On my father at the wheel

It’s one of those throw-away quips in our culture (or comments of outright misogyny) that women are worse drivers than men.

Not in my family! My father’s driving grew increasingly erratic the older he got. Pointing over his shoulder at distant architecture that had caught his attention whilst merging into 70mph motorway traffic; absorbed in emphatic monologue whilst negotiating crowded junctions; ignoring the horns and rude gestures directed at him by other drivers and the small noises of alarm from his passengers… none of it phased him. He even insisted on driving in the UK, on the ‘other’ side of the road. My mother reminisces about how terrifying she found this experience, how deeply relieved she felt when they survived intact and finally returned the car to the hiring agency. It’s a mercy that he died in a bed surrounded by his loved ones rather than in a car wreck of his own making.

Over the years, the number of incidents grew in frequency, yet we didn’t confront him over this issue, not to my memory anyway. As in much else, we indulged him, rather than provoke a conflict. His place at the steering wheel imposed itself upon us as an unspoken rule, and to question his driving ability would be too close to making an offensive remark, too much of a challenge.

Hang on – a challenge to what? His authority? His control of a situation? His freedom to go where he wished, unhindered? His pride?

His masculinity, perhaps?

To question his driving would be to question his judgment, to imply its weakness in matters of concentration and visual perception. We would rather risk our own safety – literally – than challenge him over his traditional place at the steering wheel.

I say “we” but can really only speak for myself. I ventured to challenge my dad (unsuccessfully, for the most part) on a number of issues, but not on this one. Challenging someone isn’t easy, especially when that someone is used to having things their way, and when the established power dynamics set a fixed pattern of behaviour and expectation.

But where else might the process of rebalance begin? The task of a challenge is to reframe assumptions and open one’s perception to other interpretations – what feminist theory terms ‘consciousness raising,’ and what I am beginning to think of as ‘tuning in and listening to a different voice.’ The different voice contains a challenge simply by existing, by asserting an equal right to participate and influence and to sit at the steering wheel.

Reflecting on the early development of feminist thinking (circa 1970s) bell hooks points out that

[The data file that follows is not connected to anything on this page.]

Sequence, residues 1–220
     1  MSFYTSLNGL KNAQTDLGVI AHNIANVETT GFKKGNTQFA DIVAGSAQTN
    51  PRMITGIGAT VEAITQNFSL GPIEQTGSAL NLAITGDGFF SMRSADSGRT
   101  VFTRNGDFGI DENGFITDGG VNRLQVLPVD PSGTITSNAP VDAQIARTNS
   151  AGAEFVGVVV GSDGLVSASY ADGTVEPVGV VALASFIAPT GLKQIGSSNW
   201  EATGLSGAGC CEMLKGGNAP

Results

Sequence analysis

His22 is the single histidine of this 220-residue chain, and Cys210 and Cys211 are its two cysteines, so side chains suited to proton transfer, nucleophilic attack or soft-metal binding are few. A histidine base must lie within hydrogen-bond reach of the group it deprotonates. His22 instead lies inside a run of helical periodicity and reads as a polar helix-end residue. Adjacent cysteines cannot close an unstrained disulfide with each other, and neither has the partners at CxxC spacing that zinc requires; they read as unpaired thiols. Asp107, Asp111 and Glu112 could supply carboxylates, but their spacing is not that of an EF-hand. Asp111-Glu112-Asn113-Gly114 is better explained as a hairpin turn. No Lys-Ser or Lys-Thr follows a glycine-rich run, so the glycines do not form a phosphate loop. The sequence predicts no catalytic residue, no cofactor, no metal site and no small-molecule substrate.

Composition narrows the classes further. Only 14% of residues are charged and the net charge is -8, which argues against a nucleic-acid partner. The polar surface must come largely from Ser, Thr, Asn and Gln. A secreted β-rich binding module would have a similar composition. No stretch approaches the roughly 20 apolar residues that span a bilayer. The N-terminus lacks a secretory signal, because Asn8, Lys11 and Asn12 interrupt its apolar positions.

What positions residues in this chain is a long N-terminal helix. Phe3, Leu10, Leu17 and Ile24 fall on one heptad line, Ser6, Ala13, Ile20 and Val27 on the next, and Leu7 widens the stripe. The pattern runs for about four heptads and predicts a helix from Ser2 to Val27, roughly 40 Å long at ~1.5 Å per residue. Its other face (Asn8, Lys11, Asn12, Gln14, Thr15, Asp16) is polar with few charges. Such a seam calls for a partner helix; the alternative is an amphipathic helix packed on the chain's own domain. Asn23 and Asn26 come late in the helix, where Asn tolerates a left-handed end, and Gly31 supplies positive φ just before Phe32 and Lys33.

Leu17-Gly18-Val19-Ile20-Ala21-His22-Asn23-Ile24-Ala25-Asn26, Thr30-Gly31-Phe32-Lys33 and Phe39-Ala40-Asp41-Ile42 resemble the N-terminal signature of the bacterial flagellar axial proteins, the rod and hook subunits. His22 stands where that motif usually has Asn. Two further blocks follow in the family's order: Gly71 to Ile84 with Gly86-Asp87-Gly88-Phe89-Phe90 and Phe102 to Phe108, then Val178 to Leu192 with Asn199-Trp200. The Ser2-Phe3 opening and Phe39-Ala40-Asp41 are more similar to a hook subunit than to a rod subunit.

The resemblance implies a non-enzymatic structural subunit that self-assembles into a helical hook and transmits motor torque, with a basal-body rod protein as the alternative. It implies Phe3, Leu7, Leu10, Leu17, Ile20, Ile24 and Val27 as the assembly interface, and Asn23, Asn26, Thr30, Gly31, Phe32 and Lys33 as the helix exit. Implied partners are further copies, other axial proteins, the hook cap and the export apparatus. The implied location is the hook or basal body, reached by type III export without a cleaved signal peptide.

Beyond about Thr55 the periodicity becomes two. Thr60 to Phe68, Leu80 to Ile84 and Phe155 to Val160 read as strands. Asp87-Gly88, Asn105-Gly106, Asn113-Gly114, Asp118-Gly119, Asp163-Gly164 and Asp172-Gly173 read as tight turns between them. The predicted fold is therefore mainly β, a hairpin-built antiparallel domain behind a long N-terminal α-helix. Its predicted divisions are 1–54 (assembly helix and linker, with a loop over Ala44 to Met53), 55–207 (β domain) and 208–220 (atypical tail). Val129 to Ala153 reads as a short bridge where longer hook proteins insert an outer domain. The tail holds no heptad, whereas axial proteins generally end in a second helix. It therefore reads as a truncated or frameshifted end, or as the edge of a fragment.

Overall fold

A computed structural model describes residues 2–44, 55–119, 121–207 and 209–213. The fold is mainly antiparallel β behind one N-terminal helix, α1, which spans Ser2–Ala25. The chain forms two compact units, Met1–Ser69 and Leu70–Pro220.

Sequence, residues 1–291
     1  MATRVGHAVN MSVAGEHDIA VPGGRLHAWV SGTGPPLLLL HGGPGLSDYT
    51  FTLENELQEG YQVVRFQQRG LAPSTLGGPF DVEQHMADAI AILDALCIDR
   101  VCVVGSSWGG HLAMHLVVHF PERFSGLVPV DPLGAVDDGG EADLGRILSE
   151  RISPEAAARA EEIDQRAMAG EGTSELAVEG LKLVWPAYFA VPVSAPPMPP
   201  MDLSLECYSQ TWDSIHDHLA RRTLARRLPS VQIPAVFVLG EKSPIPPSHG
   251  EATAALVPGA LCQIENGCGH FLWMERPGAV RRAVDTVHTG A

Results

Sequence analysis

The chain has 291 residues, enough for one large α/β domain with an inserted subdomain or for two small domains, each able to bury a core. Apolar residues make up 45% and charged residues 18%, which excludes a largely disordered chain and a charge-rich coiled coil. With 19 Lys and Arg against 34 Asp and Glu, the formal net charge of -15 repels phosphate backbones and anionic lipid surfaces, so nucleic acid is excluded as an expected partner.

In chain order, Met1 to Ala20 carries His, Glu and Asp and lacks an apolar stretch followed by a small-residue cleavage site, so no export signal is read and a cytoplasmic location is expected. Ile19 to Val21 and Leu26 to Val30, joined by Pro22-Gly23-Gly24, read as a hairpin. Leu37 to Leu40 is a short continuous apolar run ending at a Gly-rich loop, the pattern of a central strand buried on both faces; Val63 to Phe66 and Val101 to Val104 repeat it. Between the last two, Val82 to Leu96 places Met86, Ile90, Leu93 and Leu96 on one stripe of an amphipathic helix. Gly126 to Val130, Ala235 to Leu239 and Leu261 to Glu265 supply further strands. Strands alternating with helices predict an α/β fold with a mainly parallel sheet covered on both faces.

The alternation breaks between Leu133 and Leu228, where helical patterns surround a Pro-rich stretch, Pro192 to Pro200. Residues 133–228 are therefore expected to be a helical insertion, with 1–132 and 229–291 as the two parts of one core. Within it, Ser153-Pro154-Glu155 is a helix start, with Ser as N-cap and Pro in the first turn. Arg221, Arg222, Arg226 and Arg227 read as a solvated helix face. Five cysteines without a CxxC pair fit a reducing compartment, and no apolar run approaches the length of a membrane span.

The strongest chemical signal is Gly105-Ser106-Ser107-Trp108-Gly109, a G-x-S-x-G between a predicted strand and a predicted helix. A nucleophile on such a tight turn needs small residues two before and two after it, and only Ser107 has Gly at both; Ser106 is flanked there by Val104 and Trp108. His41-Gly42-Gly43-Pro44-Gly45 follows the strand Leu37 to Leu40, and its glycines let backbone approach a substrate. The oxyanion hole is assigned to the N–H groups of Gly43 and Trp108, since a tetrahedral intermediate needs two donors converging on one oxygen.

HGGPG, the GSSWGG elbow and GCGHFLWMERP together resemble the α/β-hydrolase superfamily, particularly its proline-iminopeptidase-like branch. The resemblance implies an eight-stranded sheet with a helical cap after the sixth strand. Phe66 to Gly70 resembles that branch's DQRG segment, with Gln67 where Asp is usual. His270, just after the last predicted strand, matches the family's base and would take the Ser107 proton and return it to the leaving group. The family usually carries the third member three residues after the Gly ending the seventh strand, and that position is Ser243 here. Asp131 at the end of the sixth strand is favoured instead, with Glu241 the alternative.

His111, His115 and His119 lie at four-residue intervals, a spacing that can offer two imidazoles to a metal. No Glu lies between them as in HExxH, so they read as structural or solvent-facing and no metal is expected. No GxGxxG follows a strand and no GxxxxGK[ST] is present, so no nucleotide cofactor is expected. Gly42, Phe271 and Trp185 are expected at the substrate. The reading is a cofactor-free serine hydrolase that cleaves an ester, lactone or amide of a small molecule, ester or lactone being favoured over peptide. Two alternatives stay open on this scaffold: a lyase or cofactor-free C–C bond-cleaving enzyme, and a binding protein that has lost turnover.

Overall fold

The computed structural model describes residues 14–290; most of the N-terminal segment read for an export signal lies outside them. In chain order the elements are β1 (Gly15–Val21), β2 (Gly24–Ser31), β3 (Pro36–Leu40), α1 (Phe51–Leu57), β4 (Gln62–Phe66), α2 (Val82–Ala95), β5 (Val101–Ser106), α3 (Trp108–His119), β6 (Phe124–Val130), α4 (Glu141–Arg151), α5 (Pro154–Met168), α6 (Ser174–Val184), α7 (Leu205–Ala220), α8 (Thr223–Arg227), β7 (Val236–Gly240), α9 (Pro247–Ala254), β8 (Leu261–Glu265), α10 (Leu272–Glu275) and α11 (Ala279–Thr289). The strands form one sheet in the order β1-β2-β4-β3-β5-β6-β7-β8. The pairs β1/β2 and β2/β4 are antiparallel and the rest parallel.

When women first organised in groups to talk together about the issue of sexism and male domination, they were clear that females were as socialized to believe sexist thinking and values as males” (Feminism is for Everybody, p. 7)

Too right. I am absolutely guilty of sexism. I have deferred to, accommodated, and even obeyed men against my better judgment, and in doing so have expected them to carry a burden of responsibility on my behalf.  Some part of this concerns a lack of awareness – self-awareness – beyond social assumptions; but equally it involves a lack of confidence. Confidence is a precious commodity to those who don’t have it, and a significant lesson of my own life has been to realise that confidence is only ever healthy when earned through one’s own efforts – not when it is bestowed as a privilege.

I know what I’m talking about: I was raised with class privilege – unlike my father. The foremost work and achievement of his life was to leave his working class background and enter the professional middle class, where he consolidated this legacy by raising his children in the context of his social aspirations. My parents both worked hard to conduct a decade long project of educating their children in fee-paying private schools, and we all of us exceeded their expectations by excelling academically and moving on to university and postgraduate degrees.

I’ve spent much of my adult life in questioning my upbringing and the assumptions of class privilege it provided. I’ve challenged myself on this matter in the most painful and self-critical ways, stripping myself of the confidence that I understood to be a purchased gift, and struggling badly without it. I’m only gradually gaining a foothold again, and rebuilding confidence in myself – in my abilities and my values, in my voice and my judgment.

In doing so, I am learning to contain within myself the paradox of who I am by upbringing and who I am by awareness and choice and experience. It’s all any of us can do, if we want things to change. We all together share the responsibility for where we’re headed, and that means taking turns at the wheel and sharing both the driving and the riding.